The Maine State Museum describes it as "the only pre-Columbian Norse artifact generally regarded as genuine found within the United States". The American Numismatic Society has stated that "There is no reliable confirmation on the documentation of the Goddard coin, and much circumstantial evidence suggests that someone was deliberately trying to manipulate or obfuscate the situation. The Norse coin from Maine should probably be considered a hoax." An analysis by anthropologist Edmund Snow Carpenter, published by the Rock Foundation, concluded it was "not proven".
A local resident, Guy Mellgren, said he found this coin on August 18, 1957, at the Goddard site, the extensive archeological remains of an old Native American settlement at Naskeag Point, Brooklin, Maine on Penobscot Bay. A 1978 article in Time called the discovery site an ancient Indian rubbish heap near the coastal town of Blue Hill. Over a lengthy period, a collection of 30,000 items from the site were donated to the Maine State Museum. The coin was at first identified as a British penny from the 12th century and much of the circumstances of its finding were not preserved in the record (as was the case with the majority of the 30,000 finds). The coin was donated in 1974.
In 1978, experts from London considered that it might be Norse. Kolbjorn Skaare of the University of Oslo determined the coin had been minted between 1065 and 1080 AD and widely circulated in the twelfth and thirteenth centuries. The Goddard site has been dated to 1180-1235, within the circulation period of pennies of this type. The people living there at the time are generally considered to be ancestors of the Penobscot. While the date is around two hundred years after the last of the Vinland voyages described by Norse sagas, it is well within the period during which the Norse lived in Greenland and could have possibly visited North America.
By some accounts the penny was found with a perforation, hinting it was used as a pendant. This area of the coin is said to have since crumbled to dust from corrosion.
The penny's coastal origin has been offered as evidence either that the Vikings traveled further south than Newfoundland or that the coin might have been traded locally. However, the penny was the only Norse artifact found at the site, which according to substantial evidence was a hub in a large native trade network. For example, a single artifact generally identified as a Dorset Eskimo burin was also recovered there, and may support the idea that both the burin and the penny could plausibly have come to Maine through native trade channels from Viking sources in Labrador or Newfoundland.
It has been suggested that the explanation that the coin was either brought by the Vikings or traded from a Viking site is weak because no coinage has been recovered from the North American Viking site of L'Anse aux Meadows. However, this site is around two centuries earlier than the Maine coin site, and was subject to an orderly evacuation.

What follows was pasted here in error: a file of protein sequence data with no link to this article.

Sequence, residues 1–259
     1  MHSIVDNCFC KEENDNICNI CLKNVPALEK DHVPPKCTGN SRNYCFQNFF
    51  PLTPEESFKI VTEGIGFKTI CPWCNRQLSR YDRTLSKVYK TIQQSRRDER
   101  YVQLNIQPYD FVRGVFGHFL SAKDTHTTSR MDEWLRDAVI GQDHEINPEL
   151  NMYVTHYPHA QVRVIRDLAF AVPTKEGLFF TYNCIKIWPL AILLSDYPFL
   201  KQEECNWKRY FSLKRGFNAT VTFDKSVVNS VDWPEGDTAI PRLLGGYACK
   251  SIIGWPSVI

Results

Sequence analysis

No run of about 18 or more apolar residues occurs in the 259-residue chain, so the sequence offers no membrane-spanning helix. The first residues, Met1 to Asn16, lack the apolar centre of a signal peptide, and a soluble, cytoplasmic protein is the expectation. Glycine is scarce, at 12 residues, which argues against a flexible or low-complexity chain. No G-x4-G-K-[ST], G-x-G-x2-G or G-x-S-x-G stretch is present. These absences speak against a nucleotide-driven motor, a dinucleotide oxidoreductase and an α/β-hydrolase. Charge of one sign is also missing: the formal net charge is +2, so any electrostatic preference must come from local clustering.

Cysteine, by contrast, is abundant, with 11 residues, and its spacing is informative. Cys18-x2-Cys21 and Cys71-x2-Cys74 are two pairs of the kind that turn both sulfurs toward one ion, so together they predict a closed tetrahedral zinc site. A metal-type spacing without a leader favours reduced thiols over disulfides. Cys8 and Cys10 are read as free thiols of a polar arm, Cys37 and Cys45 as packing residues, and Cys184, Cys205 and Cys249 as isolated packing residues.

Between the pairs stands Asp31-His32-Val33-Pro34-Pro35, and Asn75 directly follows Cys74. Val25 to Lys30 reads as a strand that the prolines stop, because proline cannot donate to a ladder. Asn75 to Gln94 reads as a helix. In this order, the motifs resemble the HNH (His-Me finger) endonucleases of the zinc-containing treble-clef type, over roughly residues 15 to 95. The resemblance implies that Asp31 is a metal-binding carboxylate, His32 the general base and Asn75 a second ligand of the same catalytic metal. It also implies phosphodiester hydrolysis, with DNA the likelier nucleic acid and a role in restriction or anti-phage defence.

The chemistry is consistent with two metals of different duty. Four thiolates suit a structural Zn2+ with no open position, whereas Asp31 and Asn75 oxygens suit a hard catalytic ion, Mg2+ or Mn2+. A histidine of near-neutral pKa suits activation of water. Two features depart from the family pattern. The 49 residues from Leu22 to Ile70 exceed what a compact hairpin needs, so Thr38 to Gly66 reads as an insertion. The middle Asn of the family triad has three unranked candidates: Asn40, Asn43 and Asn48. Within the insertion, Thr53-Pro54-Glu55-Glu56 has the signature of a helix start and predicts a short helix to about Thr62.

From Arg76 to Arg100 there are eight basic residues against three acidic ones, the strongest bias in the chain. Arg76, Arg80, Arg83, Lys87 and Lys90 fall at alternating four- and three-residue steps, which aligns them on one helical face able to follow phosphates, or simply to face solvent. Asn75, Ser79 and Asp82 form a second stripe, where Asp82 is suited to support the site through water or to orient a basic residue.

On the other hand, this Maine penny and other similar coins of this era were available on the open market in 1957. Thus, Mellgren could have the means and the opportunity to plant the coin at the site, or he could have been deceived by someone planting the coin – though it is unclear what the motive may have been.
The identity of the Maine Penny as an Olaf Kyrre silver penny is not in doubt. The Maine State Museum website favors the view that it was found at the site and is therefore evidence of Viking presence on the North American continent, although the Museum states "the most likely explanation for the coin’s presence is that it was obtained by natives somewhere else, perhaps in Newfoundland where the only known New World Norse settlement has been found at L’Anse aux Meadows, and that it eventually reached the Goddard site through native trade channels." However, the possibility that it may be a hoax has been raised. An assessment of the validity of the find by Edmund Carpenter concluded: "Not proven". There are enough questions regarding the provenance of the coin to leave its archaeological significance unclear.
- Beardmore Relics, Carpenter likened the Maine penny to the Beardmore Relics, which were said to have been discovered in Ontario in the 1930s.
- "The Goddard Norse Coin". Maine State Museum.
- "Current Cabinet Activities". American Numismatic Society. Spring 2005.
- Carpenter, Edmund (2003). "Norse Penny" (PDF).
- "Bye Columbus". Time. 1978-12-11.
- Sutherland, Patricia. 2000. “The Norse and Native Norse Americans”. In William W. Fitzhugh and Elisabeth I. Ward, eds., Vikings: The North Atlantic Saga, 238-247. Washington, DC: The Smithsonian Institution.
- Prins, Harald E.L., and McBride, Bunny, Island Domain: Wabanaki Peoples at Mount Desert Island, Maine, 1500-2000., Vol.1., pp.40-42. Boston: National Park Service, 2007.